We find that species diversity affects both biomass and energy fluxes but in different ways. Diverse communities produce net energy and biomass at faster rates, reaching greater maximum biomass but with no difference in maximum net energy production. Bounds on net energy production seem stronger than those on biomass because competition limits energy fluxes as biomass accumulates over time.

In summary, diversity initially enhances productivity by diffusing competitive interactions but metabolic density dependence reduces these positive effects as biomass accumulates in older communities. By showing how biodiversity affects both biomass and energy fluxes during community development, our results demonstrate a mechanism that underlies positive biodiversity effects and offer a framework for comparing biodiversity effects across systems at different stages of development and disturbance regimes.

Ghedini G, Marshall DJ, Loreau M (2021) Phytoplankton diversity affects biomass and energy production differently during community development. Functional Ecology PDF DOI 

How does spawning frequency scale with body size in marine fishes?

Authors: Dustin J Marshall, Diego R Barneche, and Craig R White

Published in: Fish and Fisheries

Abstract

How does fecundity scale with female size? Female size not only affects the number and size of offspring released in any one reproductive bout (i.e. batch fecundity) but also affects frequency of bouts that occur within a given spawning season (i.e. spawning frequency).

Previous studies have noted contrasting effects of female size on spawning frequency such that the effect of female size on reproductive output and total egg production of a population remains unclear. If smaller females spawn more frequently, this could effectively nullify hyperallometry—the disproportionate contribution of larger females to batch fecundity.

Here, we explore the relationship between female size and spawning frequency in marine fishes and test this relationship while controlling for phylogeny.

Within all of the species considered, spawning frequency scaled positively with body size. Comparing across species, the smallest species showed steeper scaling than the largest.

Considering only batch fecundity scaling probably underestimates the relationship between body size and absolute fecundity for many species; reproduction is likely to be more hyperallometric than is currently appreciated based on batch fecundity estimates. Second, an understanding of fecundity scaling depends on estimates of batch fecundity, spawning frequency and spawning duration—we have far more estimates of the first parameter than we do the others, and more studies are required.

Marshall DJ, Barneche DR, White CR (2021) How does spawning frequency scale with body size in marine fishes? Fish and Fisheries PDF DOI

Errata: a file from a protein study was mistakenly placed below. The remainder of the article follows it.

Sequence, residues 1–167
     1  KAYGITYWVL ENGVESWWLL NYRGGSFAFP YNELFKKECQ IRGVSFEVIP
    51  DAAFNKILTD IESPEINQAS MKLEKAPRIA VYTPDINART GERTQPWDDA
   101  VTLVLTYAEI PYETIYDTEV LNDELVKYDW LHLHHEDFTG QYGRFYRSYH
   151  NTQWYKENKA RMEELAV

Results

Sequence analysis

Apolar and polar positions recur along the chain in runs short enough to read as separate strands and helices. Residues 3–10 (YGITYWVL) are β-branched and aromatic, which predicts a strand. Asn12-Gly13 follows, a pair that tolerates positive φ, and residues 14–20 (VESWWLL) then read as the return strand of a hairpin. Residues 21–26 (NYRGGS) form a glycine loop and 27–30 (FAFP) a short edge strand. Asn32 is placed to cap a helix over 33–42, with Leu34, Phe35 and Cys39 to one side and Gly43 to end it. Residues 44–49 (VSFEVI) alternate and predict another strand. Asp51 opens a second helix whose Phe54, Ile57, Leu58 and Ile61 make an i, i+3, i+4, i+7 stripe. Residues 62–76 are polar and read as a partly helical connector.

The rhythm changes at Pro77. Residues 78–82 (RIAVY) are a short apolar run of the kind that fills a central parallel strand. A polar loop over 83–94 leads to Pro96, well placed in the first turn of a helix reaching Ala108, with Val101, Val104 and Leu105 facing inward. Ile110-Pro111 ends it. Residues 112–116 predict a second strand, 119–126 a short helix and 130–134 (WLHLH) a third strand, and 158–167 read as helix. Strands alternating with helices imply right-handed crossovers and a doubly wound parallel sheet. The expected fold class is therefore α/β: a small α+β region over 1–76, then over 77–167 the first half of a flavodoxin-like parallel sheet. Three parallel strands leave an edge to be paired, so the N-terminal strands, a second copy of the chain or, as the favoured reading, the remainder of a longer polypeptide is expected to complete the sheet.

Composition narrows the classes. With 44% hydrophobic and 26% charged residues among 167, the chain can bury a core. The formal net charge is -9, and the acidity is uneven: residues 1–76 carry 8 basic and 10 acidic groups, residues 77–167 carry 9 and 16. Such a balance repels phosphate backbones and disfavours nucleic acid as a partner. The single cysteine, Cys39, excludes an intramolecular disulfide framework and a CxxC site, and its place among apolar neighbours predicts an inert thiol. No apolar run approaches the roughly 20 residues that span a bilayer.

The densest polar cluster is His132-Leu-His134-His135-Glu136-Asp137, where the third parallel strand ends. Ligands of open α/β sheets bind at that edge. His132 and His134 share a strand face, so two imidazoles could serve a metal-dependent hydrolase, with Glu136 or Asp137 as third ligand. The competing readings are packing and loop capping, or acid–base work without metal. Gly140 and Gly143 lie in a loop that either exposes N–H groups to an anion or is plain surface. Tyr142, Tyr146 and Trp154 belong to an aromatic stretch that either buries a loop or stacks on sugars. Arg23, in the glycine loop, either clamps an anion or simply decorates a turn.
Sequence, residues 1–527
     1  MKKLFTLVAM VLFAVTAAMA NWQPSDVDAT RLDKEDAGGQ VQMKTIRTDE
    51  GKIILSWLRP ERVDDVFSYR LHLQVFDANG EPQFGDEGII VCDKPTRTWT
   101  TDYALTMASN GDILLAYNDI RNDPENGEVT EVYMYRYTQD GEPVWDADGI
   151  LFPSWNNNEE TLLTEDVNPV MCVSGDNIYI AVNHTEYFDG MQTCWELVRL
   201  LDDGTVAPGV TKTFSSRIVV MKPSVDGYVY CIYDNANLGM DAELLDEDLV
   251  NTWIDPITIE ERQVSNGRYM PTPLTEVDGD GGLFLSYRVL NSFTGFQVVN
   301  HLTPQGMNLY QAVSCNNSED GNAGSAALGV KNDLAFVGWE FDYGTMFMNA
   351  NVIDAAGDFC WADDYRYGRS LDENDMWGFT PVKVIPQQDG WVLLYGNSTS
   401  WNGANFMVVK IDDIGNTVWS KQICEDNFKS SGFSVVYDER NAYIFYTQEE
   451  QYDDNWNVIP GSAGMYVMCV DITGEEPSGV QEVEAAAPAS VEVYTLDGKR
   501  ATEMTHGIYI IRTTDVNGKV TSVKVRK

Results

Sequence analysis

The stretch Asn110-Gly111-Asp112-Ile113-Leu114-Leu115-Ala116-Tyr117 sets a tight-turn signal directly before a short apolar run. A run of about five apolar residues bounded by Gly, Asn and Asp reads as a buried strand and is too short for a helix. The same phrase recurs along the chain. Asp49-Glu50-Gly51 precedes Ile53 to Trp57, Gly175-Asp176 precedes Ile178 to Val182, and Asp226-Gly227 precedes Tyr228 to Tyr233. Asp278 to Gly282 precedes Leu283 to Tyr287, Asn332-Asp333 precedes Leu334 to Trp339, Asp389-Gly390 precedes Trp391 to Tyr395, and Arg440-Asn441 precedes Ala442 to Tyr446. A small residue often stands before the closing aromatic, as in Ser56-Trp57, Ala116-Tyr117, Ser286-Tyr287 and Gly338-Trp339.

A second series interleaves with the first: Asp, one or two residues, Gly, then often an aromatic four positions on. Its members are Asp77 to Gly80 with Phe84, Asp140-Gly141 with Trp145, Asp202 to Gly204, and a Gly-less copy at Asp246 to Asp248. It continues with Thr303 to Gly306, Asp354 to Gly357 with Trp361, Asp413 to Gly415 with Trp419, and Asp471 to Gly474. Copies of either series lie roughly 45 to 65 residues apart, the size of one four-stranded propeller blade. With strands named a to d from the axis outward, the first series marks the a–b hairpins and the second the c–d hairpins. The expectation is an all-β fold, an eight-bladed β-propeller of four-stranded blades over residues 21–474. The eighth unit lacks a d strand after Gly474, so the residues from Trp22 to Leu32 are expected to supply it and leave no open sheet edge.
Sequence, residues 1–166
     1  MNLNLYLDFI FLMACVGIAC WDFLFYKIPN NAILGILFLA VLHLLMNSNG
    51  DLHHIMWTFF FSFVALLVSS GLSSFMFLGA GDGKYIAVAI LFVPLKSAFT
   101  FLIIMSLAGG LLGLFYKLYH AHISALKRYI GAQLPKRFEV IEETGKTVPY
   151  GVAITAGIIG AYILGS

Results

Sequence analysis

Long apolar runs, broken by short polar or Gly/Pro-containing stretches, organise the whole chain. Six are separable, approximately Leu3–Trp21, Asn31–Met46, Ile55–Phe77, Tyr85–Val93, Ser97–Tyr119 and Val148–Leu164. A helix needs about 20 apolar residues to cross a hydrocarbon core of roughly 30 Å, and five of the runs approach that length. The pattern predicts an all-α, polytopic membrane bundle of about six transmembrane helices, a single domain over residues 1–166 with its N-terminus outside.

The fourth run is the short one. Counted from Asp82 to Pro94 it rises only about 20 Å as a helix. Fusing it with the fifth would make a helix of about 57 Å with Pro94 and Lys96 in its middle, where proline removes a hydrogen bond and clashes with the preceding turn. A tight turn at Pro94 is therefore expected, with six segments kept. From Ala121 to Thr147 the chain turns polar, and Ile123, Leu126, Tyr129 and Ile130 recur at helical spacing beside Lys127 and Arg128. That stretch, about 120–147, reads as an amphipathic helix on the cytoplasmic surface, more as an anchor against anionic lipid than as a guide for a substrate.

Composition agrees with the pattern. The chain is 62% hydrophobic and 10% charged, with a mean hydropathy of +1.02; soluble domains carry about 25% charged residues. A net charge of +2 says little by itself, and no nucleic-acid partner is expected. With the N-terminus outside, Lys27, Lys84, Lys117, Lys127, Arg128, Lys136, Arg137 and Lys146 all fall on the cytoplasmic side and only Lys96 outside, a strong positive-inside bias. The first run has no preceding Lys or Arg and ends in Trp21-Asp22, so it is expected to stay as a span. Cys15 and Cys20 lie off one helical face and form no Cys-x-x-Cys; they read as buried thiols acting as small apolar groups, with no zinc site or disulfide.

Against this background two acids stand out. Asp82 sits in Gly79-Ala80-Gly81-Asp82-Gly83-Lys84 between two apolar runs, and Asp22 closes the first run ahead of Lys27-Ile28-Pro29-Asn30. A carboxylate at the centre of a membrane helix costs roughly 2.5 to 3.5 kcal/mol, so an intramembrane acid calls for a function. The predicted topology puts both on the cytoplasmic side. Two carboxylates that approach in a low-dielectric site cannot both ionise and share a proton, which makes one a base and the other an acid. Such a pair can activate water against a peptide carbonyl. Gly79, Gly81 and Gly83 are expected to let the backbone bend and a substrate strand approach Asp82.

Metabolism drives demography in an experimental field test

Authors: Lukas Schuster, Hayley Cameron, Craig R White, and Dustin J Marshall

Published in: Proceedings of the National Academy of Sciences of the United States of America

Significance

Biology has long-standing rules about how metabolism and demography should covary. These rules connect physiology to ecology but remarkably, these rules have only ever been tested indirectly.

Using a model marine invertebrate, we created experimental field populations that varied in metabolic rate but not body size.

We show that metabolism qualitatively affects population growth and carrying capacity in ways predicted by theory but that scaling relationships for these parameters, as well as estimates of energy use at carrying capacity, depart from classic predictions.

That metabolism affects demography in ways that depart from canonical theory has important implications for predicting how populations may respond to global change and size-selective harvesting.

Abstract

Metabolism should drive demography by determining the rates of both biological work and resource demand. Long-standing “rules” for how metabolism should covary with demography permeate biology, from predicting the impacts of climate change to managing fisheries.
Evidence for these rules is almost exclusively indirect and in the form of among-species comparisons, while direct evidence is exceptionally rare.

In a manipulative field experiment on a sessile marine invertebrate, we created experimental populations that varied in population size (density) and metabolic rate, but not body size. We then tested key theoretical predictions regarding relationships between metabolism and demography by parameterizing population models with lifetime performance data from our field experiment.

We found that populations with higher metabolisms had greater intrinsic rates of increase and lower carrying capacities, in qualitative accordance with classic theory. We also found important departures from theory—in particular, carrying capacity declined less steeply than predicted, such that energy use at equilibrium increased with metabolic rate, violating the long-standing axiom of energy equivalence.

Theory holds that energy equivalence emerges because resource supply is assumed to be independent of metabolic rate. We find this assumption to be violated under real-world conditions, with potentially far-reaching consequences for the management of biological systems.

Schuster L, Cameron H, White CR, Marshall DJ (2021) Metabolism drives demography in an experimental field test. Proceedings of the National Academy of Sciences of the United States of America PDF DOI